But when religious communities fail to separate “religious convictions from their political views…they are not offering an environment of respect for human rights,” she added, particularly for diverse groups such as the LGBTQ2+ community or those wanting to discuss abortion rights or euthanasia.
Audra Foggin, assistant professor at Mount Royal University and a ‘60’s scoop survivor said knowing people’s background stories is critical to our identities, and it’s essential for the healing process.
Negotiating our place: 50 years of multiculturalism through film
“We did not have to assimilate,” said filmmaker Cyrus Sundar Singh, who landed in Canada with his parents and siblings just a week after former prime minister Pierre Trudeau adopted multiculturalism as policy in 1971.
“We were free to be ourselves.”
Still, that freedom came at a price. Overcoming discrimination took resiliency.
“But we negotiated our places and stuck to our claims,” he said. “We became a threat to the larger community of your Canadians.”
Singh, now a Ph.D. student at Ryerson University, is the director of the Gemini-Award winning documentary, FilmClub (2001), produced with the National Film Board of Canada, which presents a visual representation of the evolution of multiculturalism as both a policy and a reality for those who lived through it.
It looks back to a film project in 1974, when schools didn’t have many after-school activities and a European immigrant and history teacher at King Edward Secondary school mentored students to make what would also turn out to be an award-winning Super 8mm film which they titled, Ohh Canada. The student club comprised first-born generation Canadians and those who arrived in Canada on the immigration wave of the early 1970s.
Twenty-five years later, Singh reunited the kids and the teacher to explore the legacies of their journeys through his documentary debut.
The Metropolis conference provided a platform for some of them to revisit Ohh Canada nearly 50 years after their arrival to a new country that they would end up adopting through pizza, Christmas and Indigenous culture.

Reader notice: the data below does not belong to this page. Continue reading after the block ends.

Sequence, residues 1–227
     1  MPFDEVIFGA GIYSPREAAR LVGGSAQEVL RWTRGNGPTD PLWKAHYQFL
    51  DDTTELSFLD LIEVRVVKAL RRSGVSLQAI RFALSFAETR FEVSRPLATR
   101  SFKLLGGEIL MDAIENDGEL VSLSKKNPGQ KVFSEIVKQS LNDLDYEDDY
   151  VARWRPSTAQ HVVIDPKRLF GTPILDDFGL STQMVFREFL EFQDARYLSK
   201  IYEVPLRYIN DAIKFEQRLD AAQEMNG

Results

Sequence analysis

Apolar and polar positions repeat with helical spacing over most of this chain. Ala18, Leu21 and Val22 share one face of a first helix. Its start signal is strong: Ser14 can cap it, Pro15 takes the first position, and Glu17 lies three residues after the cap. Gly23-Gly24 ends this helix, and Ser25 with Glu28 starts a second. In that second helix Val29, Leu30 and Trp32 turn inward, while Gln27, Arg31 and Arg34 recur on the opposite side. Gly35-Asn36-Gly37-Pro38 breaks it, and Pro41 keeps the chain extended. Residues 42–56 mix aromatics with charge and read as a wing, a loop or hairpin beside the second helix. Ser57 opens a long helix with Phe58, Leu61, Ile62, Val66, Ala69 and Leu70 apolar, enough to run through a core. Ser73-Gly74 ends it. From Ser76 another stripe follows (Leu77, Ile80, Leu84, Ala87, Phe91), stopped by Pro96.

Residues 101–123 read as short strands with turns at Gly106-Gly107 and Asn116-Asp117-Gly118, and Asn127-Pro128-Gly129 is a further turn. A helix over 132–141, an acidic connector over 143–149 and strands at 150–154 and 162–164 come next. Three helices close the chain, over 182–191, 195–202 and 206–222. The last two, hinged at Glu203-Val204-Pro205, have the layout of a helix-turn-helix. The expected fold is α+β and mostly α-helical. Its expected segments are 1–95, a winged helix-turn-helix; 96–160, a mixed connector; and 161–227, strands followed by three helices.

The film can be watched for free here.
Fighting discrimination: origins of the 1971 policy
Though a beacon of multiculturalism, discrimination of the other runs deep within Canada’s veins. In fact, Canada’s very own multiculturalism policy is the result of a citizens’ movement demanding recognition, not something born out of the kindness of society or the government.
So, what was the genesis of this idea? In essence, the need to overcome discrimination.
In an informal and unscripted workshop, Michael Temelini, a political science professor from the University of Ottawa, further explained that in its origins — and often not brought up in public discourse about the policy — the Royal Commission on Bilingualism and Biculturalism (B&B) actually rejected multiculturalism at first.
In fact, according to him, in public hearings documents from records of the B&B Commission, it is evident that at first, Canada was thought to have only two dominant cultures — British and French — and that ethnic groups “should find a home in one of those two.”
“This was a very normal, common idea back then,” he said, which only began “dissipating” in the 1960s.
“There’s an idea that ethnicity, or cultural retention, was somehow backward, that it was uncivilized,” he said.
Simply put, before the citizens’ movement which fought for recognition to be part of the so-called modern world, people had to assimilate into the Anglo way of life.
It was resistance to that idea that birthed multiculturalism.